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Thoughts about Microwave Ovens!

I recently wrote about the death of my 15 year old work horse of a Microwave Oven.  This short one- liner has churned up a great many personal and on line comments about MW cooking and ovens.  The comments have ranged from  “they are awful for one” and “I would never own one” to “I don’t think I could live without mine – and they are very inexpensive now.”



Microwave Ovens and Cooking are subjects that I know quite a bit about – I have done a lot of research in this area.

For three years of my life my whole kitchen consisted of a claw foot bathtub, a refrigerator with a MW oven sitting on top.  The tub was in the old bathroom and the MW and refrigerator were in the living room with all of our beds.

As the chief chef and food czar of my household of 5, I needed to know how my allergy prone family was going to fair under this kind of cooking regime.

My brother-in-law is a patented expert on MW energy and antennaes.   He worked for the Ball Corporation which made among many things, canning jars and food preservations products.  They were constantly in search of ways to keep food and help folks stay healthy.  This was before WWII studies and the “food” revolution of the 1970s -90s.  This is the information I received from my brother – in – law, The Cleveland Illuminating Company, and all my research – filtered through 20 years of cooking and having my kitchen approved for selling my apple products.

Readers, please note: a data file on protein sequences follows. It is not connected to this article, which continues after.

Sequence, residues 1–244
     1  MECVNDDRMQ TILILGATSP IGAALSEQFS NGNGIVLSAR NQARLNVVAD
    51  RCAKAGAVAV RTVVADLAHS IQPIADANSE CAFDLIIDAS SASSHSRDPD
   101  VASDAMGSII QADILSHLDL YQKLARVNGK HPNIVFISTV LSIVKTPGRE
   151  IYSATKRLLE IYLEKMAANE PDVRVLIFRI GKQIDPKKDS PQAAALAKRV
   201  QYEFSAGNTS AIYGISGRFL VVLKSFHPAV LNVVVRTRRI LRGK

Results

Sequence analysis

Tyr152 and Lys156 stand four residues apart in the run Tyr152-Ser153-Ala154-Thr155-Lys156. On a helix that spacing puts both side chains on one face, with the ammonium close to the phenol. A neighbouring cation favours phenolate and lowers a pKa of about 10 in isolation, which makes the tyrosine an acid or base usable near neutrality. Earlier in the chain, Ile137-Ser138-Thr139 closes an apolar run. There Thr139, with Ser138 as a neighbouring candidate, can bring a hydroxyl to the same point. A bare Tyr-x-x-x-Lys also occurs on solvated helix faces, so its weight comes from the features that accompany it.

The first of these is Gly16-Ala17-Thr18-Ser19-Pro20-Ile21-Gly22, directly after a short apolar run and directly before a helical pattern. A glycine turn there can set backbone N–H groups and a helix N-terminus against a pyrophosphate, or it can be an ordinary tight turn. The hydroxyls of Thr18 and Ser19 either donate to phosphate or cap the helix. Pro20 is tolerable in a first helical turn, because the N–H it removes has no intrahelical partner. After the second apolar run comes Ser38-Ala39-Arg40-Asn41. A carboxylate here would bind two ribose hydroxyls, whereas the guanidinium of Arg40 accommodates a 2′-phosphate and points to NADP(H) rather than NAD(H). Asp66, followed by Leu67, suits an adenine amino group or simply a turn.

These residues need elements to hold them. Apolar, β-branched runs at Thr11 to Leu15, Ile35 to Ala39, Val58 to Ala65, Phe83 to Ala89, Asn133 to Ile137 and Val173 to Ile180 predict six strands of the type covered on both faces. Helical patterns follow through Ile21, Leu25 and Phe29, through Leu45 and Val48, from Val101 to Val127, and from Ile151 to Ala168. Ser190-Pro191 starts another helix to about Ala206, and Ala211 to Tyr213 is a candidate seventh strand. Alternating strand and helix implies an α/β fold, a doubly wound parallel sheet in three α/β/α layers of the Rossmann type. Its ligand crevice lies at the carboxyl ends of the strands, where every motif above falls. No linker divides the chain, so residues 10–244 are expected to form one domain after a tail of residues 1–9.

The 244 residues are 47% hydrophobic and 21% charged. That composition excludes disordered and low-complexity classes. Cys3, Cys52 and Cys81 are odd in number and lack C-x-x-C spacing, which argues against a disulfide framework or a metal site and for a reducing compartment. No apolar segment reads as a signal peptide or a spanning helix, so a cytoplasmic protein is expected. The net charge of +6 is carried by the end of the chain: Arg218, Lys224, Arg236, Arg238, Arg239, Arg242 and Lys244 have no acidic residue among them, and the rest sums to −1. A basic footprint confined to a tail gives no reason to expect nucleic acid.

All cooking changes the nature of food. For some foods, like carrots, they are more nutritious if they are cooked moderately than in a raw form.   Humans like much of their food cooked and cooked food stops the enzyme action and allows foods to be preserved for longer periods of time.  This includes drying foods also.

Many vegetables and fruits are perfect foods for the human body when they are eaten raw.

When making soup usually one wants to slow cook the foods, because one wants the nutrients to leach out of the foods and make a new form which blends together.

Most vegetables are overcooked in the United States and have most of the nutrient value leached out and rarely do the folks use the cooking water for soup base or afternoon tea – there are exceptions.

Time and time again it has been discovered that MW cooking keeps the nutrient value higher in the foods that are cooked, particularly when the MW has a temperature probe and low water amounts when steaming.

Where we get into trouble is that The American Food Industry puts together addicting rations of fat, salt, and sugar into their foods – pre cooks them and then sends them out to restaurants and frozen food sections in store, to be cooked again.  The Microwave Oven really does a great job of keeping foods high fat, high salt and high sugar.